Flash Fiction Rodeo #6

Carrot Ranch Literary Community

Bucking Bull Go-Round

By D. Avery

Luck of the Draw, Resilience of the Rider

Bull riders are “today’s gladiators,” willing to risk injury and death for their ride to fame. Can you imagine straddling an angry, snorting 1800-pound animal that wants nothing more than to shake you off and perhaps gore and trample you, too? What must it be like to prepare for that, to face down fear as you approach the chute and settle atop this beast that you will dance with in the arena? What are people’s motivations to confront such a challenge, to set upon it and not only hang on for dear life, but to ride it with as much grace and finesse as possible, showing courage and skill in equal measure? Carrot Ranch’s Bucking Bull Go-Round event is a flash fiction approximation of rodeo’s most dangerous event, bull riding.

At the Professional Bull Riders’ (PBR)…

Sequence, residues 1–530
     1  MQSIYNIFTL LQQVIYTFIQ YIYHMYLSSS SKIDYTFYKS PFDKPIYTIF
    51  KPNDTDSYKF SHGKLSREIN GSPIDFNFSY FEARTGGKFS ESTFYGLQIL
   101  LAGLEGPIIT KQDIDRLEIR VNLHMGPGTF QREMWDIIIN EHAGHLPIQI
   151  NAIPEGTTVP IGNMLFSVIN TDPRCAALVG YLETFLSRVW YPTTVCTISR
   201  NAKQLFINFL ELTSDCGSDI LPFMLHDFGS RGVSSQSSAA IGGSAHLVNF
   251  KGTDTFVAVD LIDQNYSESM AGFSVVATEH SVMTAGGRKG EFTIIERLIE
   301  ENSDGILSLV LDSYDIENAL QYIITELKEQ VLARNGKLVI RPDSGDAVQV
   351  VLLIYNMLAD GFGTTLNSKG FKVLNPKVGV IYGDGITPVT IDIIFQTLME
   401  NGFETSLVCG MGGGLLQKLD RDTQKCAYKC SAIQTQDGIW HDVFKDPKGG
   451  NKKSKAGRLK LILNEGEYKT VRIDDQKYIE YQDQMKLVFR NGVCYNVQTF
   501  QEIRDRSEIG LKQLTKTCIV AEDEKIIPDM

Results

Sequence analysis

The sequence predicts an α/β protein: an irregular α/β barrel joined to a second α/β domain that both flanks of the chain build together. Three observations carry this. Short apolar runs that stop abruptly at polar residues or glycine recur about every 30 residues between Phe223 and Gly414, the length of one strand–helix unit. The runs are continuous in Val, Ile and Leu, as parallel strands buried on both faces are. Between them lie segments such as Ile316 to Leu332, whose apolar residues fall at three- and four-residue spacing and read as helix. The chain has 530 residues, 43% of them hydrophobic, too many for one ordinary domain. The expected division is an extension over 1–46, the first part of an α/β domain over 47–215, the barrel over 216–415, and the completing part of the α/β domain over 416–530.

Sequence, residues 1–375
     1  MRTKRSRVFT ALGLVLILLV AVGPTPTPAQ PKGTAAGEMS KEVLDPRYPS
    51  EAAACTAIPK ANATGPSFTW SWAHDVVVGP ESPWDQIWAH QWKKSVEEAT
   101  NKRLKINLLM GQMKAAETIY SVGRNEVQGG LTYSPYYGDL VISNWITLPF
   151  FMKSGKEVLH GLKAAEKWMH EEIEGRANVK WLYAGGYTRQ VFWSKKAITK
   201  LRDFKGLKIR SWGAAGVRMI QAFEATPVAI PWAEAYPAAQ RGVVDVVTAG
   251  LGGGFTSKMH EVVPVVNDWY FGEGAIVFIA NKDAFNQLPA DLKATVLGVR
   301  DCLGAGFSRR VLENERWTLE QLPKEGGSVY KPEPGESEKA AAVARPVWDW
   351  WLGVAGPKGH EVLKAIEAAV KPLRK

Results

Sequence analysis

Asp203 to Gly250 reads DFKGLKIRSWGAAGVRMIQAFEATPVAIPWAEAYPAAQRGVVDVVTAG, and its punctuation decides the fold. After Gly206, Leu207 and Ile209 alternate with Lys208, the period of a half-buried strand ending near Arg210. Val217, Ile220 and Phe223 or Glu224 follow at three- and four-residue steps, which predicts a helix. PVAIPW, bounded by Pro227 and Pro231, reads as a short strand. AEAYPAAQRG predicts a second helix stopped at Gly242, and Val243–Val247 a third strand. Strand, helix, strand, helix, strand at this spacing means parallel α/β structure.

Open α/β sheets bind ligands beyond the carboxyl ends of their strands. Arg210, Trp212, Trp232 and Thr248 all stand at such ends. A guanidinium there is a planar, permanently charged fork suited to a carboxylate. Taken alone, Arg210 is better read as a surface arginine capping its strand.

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First Separation

“My bellybutton.”


“That’s the first scar we get, the first scar of first separation.” She trailed her finger around his navel as she spoke.

“Ok”, he said, rolling onto his side, “Besides your bellybutton, what other scars do you have?”

“The blankets when you toss them aside and leave my bed are a scar. A scar of separation.”


“Yes, and when you go, it is wrenching, and the door is a scar.”

“Another scar of separation? Drama! I return, we heal.”

“What makes you think I have scars?”